Smartphone photography is, more often than not, all about capturing interesting moments over the course of your day. A great sunrise, the perfect cup of coffee, or maybe even a street scene. Phones must excel at capturing these off-the-cuff shots where you might not have much time to fiddle around with settings or frame the scene perfectly.
The Pixel 6a opts for more natural tones while the iPhone SE ups the contrast.
We’ve collected a few samples from the Google Pixel 6a and the iPhone SE to showcase how similarly or differently the two cameras behave in the exact same setting. You’ll also find a selection of ultrawide shots from the Pixel 6a to contextualize what you’re missing on the iPhone SE.
Right off the cuff, you’ll notice a very distinct difference in how the two phones process color. The Google Pixel 6a opts for muted tones all around, while the iPhone SE imparts a sense of warmth to the shot. The real setting was somewhere between the two and veered more towards the Pixel’s presentation. However, the iPhone’s version with extra saturation really grabs your attention.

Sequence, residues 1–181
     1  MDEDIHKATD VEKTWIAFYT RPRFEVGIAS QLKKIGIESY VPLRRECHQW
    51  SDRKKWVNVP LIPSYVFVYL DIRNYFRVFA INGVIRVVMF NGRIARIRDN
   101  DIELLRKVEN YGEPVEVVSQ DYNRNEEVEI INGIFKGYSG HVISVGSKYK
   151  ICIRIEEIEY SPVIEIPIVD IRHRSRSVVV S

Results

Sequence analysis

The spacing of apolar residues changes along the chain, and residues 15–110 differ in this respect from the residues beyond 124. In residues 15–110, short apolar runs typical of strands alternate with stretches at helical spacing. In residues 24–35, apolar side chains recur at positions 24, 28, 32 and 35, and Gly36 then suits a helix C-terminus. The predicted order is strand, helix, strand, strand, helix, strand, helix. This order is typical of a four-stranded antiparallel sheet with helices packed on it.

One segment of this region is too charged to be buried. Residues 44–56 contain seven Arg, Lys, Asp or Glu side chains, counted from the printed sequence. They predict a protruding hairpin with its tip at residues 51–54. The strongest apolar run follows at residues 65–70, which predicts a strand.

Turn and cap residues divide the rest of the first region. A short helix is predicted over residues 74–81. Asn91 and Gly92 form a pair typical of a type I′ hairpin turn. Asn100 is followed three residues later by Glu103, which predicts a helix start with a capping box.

With the iPhone SE lacking an ultrawide camera altogether, the Pixel 6a stands alone in its ability to capture extended landscapes. I found the HDR effect to be rather pronounced, but Google’s prowess at computational photography lets it do a good job of leveling out exposure levels. The color science is largely consistent with the main camera as well. Regardless, this is a win squarely in Google’s favor.
The differences become more obvious in this second shot, where the iPhone SE’s shot pulls forward on visual appeal. However, the Pixel 6a showcases much improved HDR performance where it can retain details along the metal body panels and license plate, despite significant glare. The shot also demonstrates how differently the two phones handle surface-level detail. In the case of the Pixel 6a, pixel-peeping reveals low-level digital smearing and artifacts as it attempts to reduce noise levels. On the other hand, the iPhone SE opts to let in grain for a more natural-looking image.